The United States Air Force is one very high-tech organization, and we’re not just talking about jet fighters. The Air Force’s latest mission is a high-stakes, high-speed migration to Internet Protocol v6 (IPv6). Chances are most corporate networks aren’t as extensive or complex as the Air Force’s, but the service’s planning operations offer worthwhile lessons for many organizations.
The Air Force began its transition to IPv6 earlier this summer, and expects to have its entire network migrated by the end of September 2014, the deadline self-imposed by the US government for all of its network operations. The move to IPv6 will also let the Air Force support more ad hoc networks in the field - making it them more operationally agile and better able to support machine-to-machine communications.
Several years ago the Air Force established a Transition Management Office (TMO) at Scott Air Force Base, located outside of St. Louis, to help coordinate the effort. ReadWriteWeb visited with Doug Fry, Network Engineer, Air Force Network Integration Center and engineering lead for the TMO. His role is to develop network policies and operational procedures that will be carried out by the various Air Force base engineers around the world. Fry is giving a talk at the upcoming New York City Interop this fall.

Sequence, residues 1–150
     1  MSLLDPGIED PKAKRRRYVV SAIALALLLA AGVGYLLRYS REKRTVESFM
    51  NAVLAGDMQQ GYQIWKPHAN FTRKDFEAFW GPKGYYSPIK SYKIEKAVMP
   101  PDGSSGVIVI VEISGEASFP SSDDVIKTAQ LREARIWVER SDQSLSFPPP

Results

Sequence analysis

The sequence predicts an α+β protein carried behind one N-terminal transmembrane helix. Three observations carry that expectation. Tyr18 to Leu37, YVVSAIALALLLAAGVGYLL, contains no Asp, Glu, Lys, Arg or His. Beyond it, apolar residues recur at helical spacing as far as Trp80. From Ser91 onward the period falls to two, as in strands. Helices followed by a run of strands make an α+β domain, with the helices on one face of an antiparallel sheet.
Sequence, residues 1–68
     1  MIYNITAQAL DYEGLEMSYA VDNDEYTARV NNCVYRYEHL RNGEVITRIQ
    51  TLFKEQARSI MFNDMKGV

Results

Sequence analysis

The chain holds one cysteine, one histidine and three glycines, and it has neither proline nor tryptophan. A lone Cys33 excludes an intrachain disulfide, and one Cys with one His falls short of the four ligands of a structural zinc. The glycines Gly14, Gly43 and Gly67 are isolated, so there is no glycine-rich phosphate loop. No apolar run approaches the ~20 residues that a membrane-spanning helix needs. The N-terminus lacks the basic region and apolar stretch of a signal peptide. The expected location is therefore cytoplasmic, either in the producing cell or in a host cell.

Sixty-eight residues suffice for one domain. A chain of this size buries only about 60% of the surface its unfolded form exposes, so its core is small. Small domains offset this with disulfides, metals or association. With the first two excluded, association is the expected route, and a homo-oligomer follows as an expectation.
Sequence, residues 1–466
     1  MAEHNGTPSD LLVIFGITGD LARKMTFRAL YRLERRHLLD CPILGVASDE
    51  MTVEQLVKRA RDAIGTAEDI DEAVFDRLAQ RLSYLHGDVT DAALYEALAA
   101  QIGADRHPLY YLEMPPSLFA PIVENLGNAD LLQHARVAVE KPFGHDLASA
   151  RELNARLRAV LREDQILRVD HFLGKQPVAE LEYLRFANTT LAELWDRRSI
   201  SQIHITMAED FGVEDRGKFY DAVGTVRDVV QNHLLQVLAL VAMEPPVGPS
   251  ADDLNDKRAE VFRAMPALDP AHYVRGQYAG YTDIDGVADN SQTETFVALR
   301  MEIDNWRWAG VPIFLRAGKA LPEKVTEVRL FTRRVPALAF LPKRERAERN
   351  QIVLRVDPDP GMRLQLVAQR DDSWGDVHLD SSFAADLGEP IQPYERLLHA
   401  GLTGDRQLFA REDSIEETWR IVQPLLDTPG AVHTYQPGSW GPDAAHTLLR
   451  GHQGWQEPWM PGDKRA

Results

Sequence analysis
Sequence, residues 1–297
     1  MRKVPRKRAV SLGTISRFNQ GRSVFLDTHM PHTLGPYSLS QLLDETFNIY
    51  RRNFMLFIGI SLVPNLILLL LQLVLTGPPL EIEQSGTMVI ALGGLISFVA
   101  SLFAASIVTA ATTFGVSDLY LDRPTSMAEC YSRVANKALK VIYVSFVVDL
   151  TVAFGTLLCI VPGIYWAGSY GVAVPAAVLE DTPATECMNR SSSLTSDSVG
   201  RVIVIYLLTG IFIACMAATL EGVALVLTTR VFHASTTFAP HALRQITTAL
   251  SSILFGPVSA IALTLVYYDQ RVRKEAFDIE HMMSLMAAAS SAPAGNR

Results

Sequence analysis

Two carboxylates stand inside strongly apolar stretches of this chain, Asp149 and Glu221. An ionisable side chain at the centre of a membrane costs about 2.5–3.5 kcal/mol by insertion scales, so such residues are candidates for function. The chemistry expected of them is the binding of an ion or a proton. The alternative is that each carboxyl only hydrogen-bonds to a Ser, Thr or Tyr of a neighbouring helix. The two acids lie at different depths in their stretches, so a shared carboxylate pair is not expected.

One of Fry’s biggest issues is maintaining the security of the network as it makes its transition to IPv6. “We can’t let unknown traffic traverse our networks, of course, but the security tools that we have in our inventory aren’t fully v6 compliant yet.”
The Air Force has 130 bases and about 100 of them are IPv6 capable and ready, according to Fry. He is working on the rest right now.
The Air Force base furthest along in the transition process is Eglin in the Florida panhandle, which also happens to be the service’s largest base - covering more than 600 square miles and employing more than 30,000 people. To give you an idea of the size of the base, it has 30,000 individual IP addresses assigned, to a wide mix of both computing and embedded equipment. There are two core networks, 14 access layer devices, and 5000 in-building switches. That is a lot of gear to migrate over to the new networking protocols.
But Eglin’s lead role is more a matter of circumstances than anything else: the base’s aging Cisco routers and switches were due for a major refresh at the same time that the Air Force was planning the IPv6 transition.
So what are some of the lessons the Air Force has learned so far?
Good luck with your own IPv6 transition plans.
By David Strom